Trying to answer the question “how does the web side respond to the needs of the Romanians in Vancouver and how do these people use the virtual space”, I looked first of all at the obvious things: information about jobs, about real estate, about business, about community gatherings, about concerts and artistic events – related to the Romanians’ lives in the host country. Matrimonial advertisings – related to universal “quests” in life. Information about the life in Romania – that seems to play a very important role in the users’ lives, so it is related to the “roots” side of the migrant identity.

            So the site intends to respond to some pragmatic problems and also to gather the people under the same umbrella of belonging – thus answering to the need of human interaction (interaction with similar human beings – which is a safer interaction). It intends to say: look, here we can all be Romanians, if we desire so.

            Beyond these intensions, the people use the space not necessarily to create the feeling of community, but to argue and to get passionate about different issues in a most Romanian style. By this I mean Romanian language, idioms and specific discourse techniques, such as “market place bargaining” speech arguments and the self ironic “making fun of the trouble” (“a face haz de necaz” – as it goes in Romanian).

            So maybe the Romanians in Canada use this site to satisfy their need of familiarity and of group identity – but I cannot be sure that such a need exists in this case, or if it’s all just about the need of internet relationships – that are also safer.


            The contact with the Romanians in Vancouver site offers me new information and clues all the time, leads my on a different path each week. I have to adapt my theoretical and methodological approach, I have to keep flexibility all the time – as we decided together, I have to ask so many questions and I get so many different answers.

            This week, for example, I discovered, in many articles and statements, the use of the terms “Romanian diaspora”. The web masters didn’t use this term – the reason for my hesitation last week to consider this virtual community part of a Romanian diaspora – but many of the users do, in their dialogues. The main texts on the web page don’t contain this controversial word, but on the “back stage” so to say, this word becomes the name of a “character” in the social and political play.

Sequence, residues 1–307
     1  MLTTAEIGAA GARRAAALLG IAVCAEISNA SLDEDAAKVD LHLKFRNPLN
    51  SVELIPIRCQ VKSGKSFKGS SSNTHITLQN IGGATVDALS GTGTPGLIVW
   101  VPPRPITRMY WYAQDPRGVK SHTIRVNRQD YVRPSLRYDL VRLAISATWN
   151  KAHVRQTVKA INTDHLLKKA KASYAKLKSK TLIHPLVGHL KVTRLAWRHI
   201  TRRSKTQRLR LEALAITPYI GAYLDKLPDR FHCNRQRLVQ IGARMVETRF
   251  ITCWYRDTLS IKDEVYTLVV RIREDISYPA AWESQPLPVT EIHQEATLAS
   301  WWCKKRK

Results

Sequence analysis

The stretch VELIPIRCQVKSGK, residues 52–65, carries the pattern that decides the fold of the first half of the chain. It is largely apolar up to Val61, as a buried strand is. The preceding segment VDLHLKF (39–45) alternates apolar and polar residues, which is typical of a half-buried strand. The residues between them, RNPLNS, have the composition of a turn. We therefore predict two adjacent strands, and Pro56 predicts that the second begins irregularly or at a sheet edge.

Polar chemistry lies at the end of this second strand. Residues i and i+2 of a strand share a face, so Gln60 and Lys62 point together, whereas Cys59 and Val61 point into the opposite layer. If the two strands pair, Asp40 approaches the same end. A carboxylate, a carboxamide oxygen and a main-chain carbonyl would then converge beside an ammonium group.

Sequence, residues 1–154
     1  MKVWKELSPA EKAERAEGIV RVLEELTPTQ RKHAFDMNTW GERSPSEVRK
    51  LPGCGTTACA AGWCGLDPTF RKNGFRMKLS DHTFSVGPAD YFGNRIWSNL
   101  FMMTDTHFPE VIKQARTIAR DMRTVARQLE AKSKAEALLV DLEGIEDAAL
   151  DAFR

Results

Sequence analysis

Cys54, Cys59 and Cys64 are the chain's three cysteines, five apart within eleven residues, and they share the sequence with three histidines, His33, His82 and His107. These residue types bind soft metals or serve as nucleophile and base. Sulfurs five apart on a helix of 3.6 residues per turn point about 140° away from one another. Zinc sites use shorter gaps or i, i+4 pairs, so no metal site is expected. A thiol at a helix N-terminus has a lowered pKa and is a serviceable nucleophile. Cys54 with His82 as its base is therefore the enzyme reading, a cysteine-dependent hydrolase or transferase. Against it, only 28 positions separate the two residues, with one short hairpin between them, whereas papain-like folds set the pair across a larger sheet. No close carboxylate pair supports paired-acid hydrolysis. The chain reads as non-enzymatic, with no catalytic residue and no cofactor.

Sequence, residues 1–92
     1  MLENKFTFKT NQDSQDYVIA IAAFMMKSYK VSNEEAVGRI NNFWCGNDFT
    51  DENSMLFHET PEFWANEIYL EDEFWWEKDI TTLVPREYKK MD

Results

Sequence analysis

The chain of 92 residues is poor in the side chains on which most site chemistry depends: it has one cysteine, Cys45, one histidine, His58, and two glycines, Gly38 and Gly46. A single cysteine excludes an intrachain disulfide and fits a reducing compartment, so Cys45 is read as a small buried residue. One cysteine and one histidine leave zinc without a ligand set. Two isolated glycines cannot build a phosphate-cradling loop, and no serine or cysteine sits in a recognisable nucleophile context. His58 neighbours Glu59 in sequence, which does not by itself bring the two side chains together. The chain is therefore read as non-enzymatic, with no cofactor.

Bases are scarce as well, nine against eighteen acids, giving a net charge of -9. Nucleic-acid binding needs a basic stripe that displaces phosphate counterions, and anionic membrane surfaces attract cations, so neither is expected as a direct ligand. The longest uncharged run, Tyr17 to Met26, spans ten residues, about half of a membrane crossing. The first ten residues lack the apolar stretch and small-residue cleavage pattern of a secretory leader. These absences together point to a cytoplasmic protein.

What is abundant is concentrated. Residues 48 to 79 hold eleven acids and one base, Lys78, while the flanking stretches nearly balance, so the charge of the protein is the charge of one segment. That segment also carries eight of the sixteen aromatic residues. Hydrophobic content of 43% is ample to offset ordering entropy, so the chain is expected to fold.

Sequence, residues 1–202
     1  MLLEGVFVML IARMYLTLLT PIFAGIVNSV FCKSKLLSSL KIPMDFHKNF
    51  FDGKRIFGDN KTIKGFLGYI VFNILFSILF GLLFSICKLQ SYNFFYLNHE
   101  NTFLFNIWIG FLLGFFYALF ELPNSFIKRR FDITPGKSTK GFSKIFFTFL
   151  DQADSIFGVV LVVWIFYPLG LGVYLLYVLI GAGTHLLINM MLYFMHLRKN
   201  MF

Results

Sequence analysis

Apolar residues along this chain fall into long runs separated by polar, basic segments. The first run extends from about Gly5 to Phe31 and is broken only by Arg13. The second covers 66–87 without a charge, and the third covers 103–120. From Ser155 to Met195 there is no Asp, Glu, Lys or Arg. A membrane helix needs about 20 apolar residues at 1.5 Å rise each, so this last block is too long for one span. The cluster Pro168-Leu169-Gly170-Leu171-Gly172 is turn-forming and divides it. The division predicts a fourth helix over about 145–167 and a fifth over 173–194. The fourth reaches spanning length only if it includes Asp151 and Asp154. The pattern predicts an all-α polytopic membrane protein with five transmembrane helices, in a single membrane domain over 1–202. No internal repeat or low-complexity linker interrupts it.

Taking the research a little bit further, I was curious to see if I can find some elements that could show the possible existence of a hybrid identity carried by the users/ the creators of this virtual Romanian community. The concept of hybrid identity covers a process, an exchange of symbols and meanings, that’s why it can develop in parallel with the concept of transactional identity.

            This time I focused on the forums, I wanted to actually get to know the voices of the site. The dialogue is quite complex: there are the people who enjoy living in Vancouver and have the “know how” to do so; there are the people who feel they don’t belong there; there are the ones who would rather go on forgetting about their past and the ones who think about going back for good; there are the Romanians in Romania, who wander if they should try to find their chance for a better life in Canada. There are the optimists and the pessimists. And, very peculiar, I noticed the rise of a conflict among the Vancouver inhabitants and a Romanian immigrant settled in Montreal. The nickname, his attitude and the language that he uses remind me of another user of the Romanians in France virtual community site – could he be the same character? And if he is, then why does he use both sites? This is an interesting question, as he is an interesting character…